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Flying Spirit Airlines isn’t easy. But if you know the rules, and how to add up what you’ll really pay, Spirit’s miles can offer you some really good value for flights, saving you hundreds of dollars for far fewer miles than traditional airline programs.
Read on for what traps to avoid and how to get the most out of Spirit miles.
Since Spirit Air doesn’t have any partners, you can only use Free Spirit miles to book award flights on Spirit. Spirit predominantly flies in the United States, Mexico, and the Caribbean, with a few forays into Central and South America, namely Costa Rica, Guatemala, Salvador, Nicaragua, Colombia, and Peru.
The best use of Spirit Air miles is for nonstop flights, and this is why your location determines whether or not Spirit miles are useful.
Those who live in or close to Miami/Fort Lauderdale will benefit the most, as FLL is the main Spirit hub and home base. From there it flies to 45 nonstop destinations. Other U.S. cities where Spirit flies are (including seasonal flights):
The Spirit Air Free Spirit award chart appears as if it is region-based, but the regions are distance-based.
So the further you fly, the more your award will cost.
There are four regions, as seen in the chart on the right.First thing you need to know is that there is no value in Spirit miles unless you’re a Spirit credit card holder. You must be a card holder if you want to get their OFF-PEAK levels, which are the only levels worth getting.If you are a Spirit credit card holder, a one-way flight on Spirit costs from 2,500 to 12,500 miles one way. Round trip flights are doubled.
On the left side they clarify what their OFF-PEAK times are. They are not always accurate, so don’t put too much stock into them, just look for your flight using the Spirit’s search engine. At the bottom of the page, you can see the Spirit customer service telephone number. Avoid it at all times if you can help it.
The way Spirit presents the chart looks confusing, but it’s quite easy to decipher.
What you need to figure out is the region determined by the distance between your departure and destination points. For example, a flight between New York and Fort Lauderdale costs 2,500 miles because they are in Region 1. A flight between New York and Lima (Region 4) costs 12,500 miles.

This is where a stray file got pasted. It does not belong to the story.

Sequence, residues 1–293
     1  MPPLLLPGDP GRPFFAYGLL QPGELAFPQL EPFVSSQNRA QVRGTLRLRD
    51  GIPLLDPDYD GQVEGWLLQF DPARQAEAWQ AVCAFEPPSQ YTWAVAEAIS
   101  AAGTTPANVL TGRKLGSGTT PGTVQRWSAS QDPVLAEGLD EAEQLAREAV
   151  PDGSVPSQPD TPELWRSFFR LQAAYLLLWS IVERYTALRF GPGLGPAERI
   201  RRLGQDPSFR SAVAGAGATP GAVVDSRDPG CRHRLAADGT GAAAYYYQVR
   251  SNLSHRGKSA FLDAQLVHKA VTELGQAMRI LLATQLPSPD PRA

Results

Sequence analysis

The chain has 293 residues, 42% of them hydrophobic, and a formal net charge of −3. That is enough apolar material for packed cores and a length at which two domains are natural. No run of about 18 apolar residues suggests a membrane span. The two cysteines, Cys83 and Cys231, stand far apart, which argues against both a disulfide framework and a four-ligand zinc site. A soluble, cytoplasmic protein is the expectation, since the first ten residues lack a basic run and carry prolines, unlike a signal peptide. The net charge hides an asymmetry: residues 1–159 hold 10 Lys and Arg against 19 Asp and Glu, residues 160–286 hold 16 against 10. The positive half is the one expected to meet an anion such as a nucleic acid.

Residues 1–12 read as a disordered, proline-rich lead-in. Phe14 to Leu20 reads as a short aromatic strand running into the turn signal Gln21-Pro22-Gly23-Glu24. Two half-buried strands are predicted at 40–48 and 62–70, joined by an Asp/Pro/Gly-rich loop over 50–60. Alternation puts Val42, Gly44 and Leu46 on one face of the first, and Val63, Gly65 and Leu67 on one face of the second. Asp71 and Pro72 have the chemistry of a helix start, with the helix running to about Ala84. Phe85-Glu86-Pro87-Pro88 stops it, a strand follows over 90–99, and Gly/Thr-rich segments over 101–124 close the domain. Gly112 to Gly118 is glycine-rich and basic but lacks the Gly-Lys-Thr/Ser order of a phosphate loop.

A Spirit award seat can be an incredible bargain if you use the miles right and avoid most of the auxiliary fees the airline is famous for. After the Avios devaluation, the cheapest flight with major U.S. programs starts at 7,500 miles (Avios, United, American, and Delta). A Spirit flight starts at 2,500 miles, and that price also covers the longest distance: 1,249 miles.
Spirit is known for imposing fees on everything. In fact, combining their somewhat lower fares with tons of auxiliary fees is their whole business model. None of Spirit’s fees is especially outrageous compared to other airlines, though, except their punitive $100 fees they impose if you try to beat the system and sneak your bag through the gate.
Close-in booking fee:
Changes and mile redeposit fee: $110
Carry-on bag (22x18x10 maximum):
First checked bag (62 linear inches maximum):
Seat assignments: $8-75 per segment
Phone (agent transaction) fee: $10
Spirit allows awards to be booked from 301 days (with many exceptions) to the same day of departure.
Getting a flight between New York and Fort Lauderdale or Chicago for 2,500 miles is amazing, although finding an OFF-PEAK award flight to Chicago is very hard. Of course, New York is not a major hub for Spirit so there are not many non-stop flights. However, connecting options can be a bargain too.
Chicago is a bigger focus city for Spirit than New York, but it’s also farther away from the Caribbean and Central and South America, so all flights to these destinations are connecting ones.
Dallas has the shortest distances from the South West and South East.
If you live in or close to Miami/Fort Lauderdale, you’re golden. You can get to most places for a song. There is decent availability from FLL to many Caribbean islands and even far away destinations such as Columbia and Peru.
It’s not difficult to find a great value in the Spirit chart. It’s important to remember, though, that Spirit is not your spur-of-the-moment airline.
No, but getting a cash upgrade on Spirit is the best open secret of the Free Spirit program.
When you book an award seat you get an option of paying for a preassigned seat. Most people ignore it, since the only thing they are interested in Spirit is saving money.
That leads to a miserable flight in a cramped, non-reclined seat with the “industry-record” 28-inch pitch. Spirit, however, offers you upgrades to two much better options, either an exit row seat, which is as good as most domestic “premium economy” products or a “big front seat”, which is as good as domestic first class sans food, booze and personalized service.
The price of upgrade depends mostly on the length of the flight, but also on some other considerations, and can be as low as $25 and $36 for a 4-hour Portland–Chicago award (for exit seat row and BFS respectively) and as high as $25 and $75 on a 6-hour long-haul between Fort Lauderdale and Lima.
There are two BoA Spirit World personal and business credit cards with 15,000-mile bonus each and no spending requirements. The personal card waives the $59 annual fee for the first year.
Free Spirit miles expire after 3 months of inactivity, which is strict, but as long as there is some monthly activity on the Spirit credit card, you are good. The easiest way to “set it and forget it” is to put a recurring charge on your credit card and let it run without interruptions.
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